If you have an older parent, this routine probably sounds familiar: You call your parents, ask how they’re doing. They reassure you that they’re fine, just fine, but when you hang up, you have an uneasy feeling. Are they really fine? Or do they just not want you to worry?
So, what do you do? And how do you know when it’s time for supportive services?
Step one is straightforward. Observe. You know what normal behavior looks like for your parent. Is it changing? Is your mother forgetting to pay bills? Is your father not going to his weekly lunch with friends? Have they stopped tending the garden that they’ve loved for so long?
As an article at AARP.com cautions, not every change means danger, but it’s important to understand why a shift occurred. Fortunately, AARP also provides a comprehensive list of signs to watch for, including physical signs, mental health ones, hygiene and more.
Physical Observations to Make
Here are just three things to monitor; note that most can’t be monitored via a phone call or email.
- Is your parent gaining or losing weight quickly?
- How steady is he or she when walking?
- Does your parent complain of pain?
Pay attention to medications and how well your parent is managing them. Can he or she remember to take them when needed and as directed? Can they avoid interactions? Is he or she clear about the purpose of the medications and what changes they are supposed to effect?
Mental Health Observations to Make
- Does your parent experience mood swings? This can include rage or hostility, but isn’t necessarily limited to those.
- Have you noticed your parent forgetting more often, or even wandering off?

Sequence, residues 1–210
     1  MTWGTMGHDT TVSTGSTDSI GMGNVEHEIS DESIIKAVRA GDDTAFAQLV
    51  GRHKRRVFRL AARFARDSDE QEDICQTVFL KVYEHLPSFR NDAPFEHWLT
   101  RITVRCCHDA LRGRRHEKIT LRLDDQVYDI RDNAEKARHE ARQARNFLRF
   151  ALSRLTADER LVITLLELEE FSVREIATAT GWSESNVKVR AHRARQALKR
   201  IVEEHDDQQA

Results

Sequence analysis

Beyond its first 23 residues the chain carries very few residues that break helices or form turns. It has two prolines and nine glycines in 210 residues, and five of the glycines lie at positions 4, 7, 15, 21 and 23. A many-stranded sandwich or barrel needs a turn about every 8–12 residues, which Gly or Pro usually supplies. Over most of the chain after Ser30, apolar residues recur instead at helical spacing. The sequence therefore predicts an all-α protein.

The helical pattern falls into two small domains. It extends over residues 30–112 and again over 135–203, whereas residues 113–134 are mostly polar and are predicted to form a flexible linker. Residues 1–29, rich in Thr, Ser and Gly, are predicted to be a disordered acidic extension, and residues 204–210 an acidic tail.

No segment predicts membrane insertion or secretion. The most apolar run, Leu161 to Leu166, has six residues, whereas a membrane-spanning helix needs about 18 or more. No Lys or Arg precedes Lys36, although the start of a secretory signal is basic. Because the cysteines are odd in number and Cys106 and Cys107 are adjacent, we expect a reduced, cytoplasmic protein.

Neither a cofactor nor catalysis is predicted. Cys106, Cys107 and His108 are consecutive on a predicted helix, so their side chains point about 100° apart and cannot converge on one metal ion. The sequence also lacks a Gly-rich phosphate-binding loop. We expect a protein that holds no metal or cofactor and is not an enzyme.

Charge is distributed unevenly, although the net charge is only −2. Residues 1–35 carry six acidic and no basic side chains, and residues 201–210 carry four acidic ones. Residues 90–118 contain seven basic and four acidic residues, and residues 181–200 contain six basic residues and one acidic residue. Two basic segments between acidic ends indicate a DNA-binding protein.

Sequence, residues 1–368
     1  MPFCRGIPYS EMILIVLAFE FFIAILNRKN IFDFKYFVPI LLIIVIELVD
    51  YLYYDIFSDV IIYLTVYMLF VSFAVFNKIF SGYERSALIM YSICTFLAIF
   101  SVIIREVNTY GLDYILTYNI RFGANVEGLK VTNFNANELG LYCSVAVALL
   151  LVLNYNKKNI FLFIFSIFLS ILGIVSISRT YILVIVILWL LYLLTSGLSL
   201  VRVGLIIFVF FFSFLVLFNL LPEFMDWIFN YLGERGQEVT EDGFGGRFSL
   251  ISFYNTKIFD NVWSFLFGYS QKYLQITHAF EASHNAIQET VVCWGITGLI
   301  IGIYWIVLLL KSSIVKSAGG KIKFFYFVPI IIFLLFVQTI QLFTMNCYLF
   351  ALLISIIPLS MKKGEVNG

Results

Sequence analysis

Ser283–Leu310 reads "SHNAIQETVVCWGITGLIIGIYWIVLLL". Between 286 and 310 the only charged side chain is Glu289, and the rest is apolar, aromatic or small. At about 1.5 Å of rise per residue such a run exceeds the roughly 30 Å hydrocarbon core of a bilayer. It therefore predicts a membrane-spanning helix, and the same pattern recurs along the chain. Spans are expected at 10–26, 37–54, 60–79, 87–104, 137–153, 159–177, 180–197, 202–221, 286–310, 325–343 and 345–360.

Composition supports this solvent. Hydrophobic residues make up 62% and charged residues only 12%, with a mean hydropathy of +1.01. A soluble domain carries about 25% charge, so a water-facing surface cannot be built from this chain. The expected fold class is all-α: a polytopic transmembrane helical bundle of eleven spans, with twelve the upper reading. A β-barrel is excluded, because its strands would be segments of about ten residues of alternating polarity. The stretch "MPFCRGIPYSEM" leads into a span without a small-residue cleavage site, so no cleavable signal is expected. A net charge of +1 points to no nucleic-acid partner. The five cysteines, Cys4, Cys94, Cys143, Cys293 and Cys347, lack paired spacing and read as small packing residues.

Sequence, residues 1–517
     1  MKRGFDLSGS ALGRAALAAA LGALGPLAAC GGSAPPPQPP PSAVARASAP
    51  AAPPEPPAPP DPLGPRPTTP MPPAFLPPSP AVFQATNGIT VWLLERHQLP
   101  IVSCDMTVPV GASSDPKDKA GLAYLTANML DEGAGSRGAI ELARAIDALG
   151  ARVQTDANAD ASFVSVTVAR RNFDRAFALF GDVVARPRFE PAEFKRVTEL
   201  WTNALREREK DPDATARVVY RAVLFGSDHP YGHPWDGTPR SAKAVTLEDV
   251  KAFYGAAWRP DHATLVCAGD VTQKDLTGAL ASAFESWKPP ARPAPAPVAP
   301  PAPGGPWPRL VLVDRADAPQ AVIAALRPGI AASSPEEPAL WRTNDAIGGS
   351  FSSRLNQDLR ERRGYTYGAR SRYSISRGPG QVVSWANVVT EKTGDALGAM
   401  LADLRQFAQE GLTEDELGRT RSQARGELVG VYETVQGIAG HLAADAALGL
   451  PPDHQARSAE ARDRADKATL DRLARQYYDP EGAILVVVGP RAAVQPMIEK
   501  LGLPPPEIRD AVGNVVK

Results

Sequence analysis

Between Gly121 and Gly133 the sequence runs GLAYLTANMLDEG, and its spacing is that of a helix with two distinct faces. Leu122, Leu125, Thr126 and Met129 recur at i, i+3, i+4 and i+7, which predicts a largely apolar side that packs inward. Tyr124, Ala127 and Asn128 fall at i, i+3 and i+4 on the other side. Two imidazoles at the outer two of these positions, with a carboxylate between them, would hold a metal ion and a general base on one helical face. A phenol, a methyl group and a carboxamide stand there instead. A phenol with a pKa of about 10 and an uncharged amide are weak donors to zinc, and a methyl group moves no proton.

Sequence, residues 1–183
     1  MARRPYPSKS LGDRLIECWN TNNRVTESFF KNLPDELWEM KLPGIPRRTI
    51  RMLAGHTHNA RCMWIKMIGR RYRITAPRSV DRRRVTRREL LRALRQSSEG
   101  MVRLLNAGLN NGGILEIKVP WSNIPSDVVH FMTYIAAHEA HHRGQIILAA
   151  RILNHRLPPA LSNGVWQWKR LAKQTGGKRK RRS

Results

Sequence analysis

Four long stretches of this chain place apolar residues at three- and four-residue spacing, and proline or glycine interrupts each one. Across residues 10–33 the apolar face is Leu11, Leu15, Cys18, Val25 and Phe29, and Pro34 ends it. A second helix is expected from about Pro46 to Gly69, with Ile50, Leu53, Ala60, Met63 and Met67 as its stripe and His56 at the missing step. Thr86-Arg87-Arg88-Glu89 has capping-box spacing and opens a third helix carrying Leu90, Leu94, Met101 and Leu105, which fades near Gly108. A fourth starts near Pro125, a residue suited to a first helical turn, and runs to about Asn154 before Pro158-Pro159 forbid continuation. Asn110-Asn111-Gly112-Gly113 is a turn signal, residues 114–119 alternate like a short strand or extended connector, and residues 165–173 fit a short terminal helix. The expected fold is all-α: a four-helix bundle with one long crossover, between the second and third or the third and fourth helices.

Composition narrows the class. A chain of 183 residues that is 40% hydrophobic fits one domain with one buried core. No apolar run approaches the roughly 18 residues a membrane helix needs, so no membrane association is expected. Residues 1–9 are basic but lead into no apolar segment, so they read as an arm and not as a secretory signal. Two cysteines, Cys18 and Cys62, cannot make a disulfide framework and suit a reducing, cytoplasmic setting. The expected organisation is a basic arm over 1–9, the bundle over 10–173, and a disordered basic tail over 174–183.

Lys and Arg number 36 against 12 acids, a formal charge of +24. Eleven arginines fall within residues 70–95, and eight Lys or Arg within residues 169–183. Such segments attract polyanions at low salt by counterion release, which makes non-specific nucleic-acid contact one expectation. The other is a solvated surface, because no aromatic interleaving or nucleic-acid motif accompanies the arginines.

- Is he or she losing interest in reading, writing and otherwise communicating?
Appearance and Hygiene Observations to Make
- Is he or she appropriately dressed for weather conditions (considering how your parent typically dresses for a particular type of weather)?
- Are clothes clean?
- Is his or her hair combed?
Daily Living Observations to Make
- Can your parent bathe and dress without problems?
- Can he or she get out of a chair and walk to the bathroom? Use the toilet and take a shower or bath?
- Can your parent cook meals, and do housework and yardwork?
After making these observations, what do you think? Could a caregiver help?
An article in US News lists additional clues that indicate your parents may need a caregiver:
- Mail piles up and isn’t taken indoor—or it piles up on a table
- Car doors have scrapes, indicating minor driving accidents that they aren’t discussing
- Pots and pans are charred, and burn marks are seen on the stove and/or countertops
- Expired food in the refrigerator may indicate less regular grocery shopping and may interfere with good nutrition
- Prescriptions aren’t filled or the bottles are chaotically arranged
- Your parent has bruises, perhaps from falls or bumping into furniture
If you still aren’t sure how well your parents are doing—especially if you don’t live nearby and don’t see them regularly—ask the neighbors. They often know about falls and other incidents that your parents may be reluctant to discuss with you.
Ask to accompany them to doctor appointments. Listen carefully, read between the lines and be willing to ask tough questions.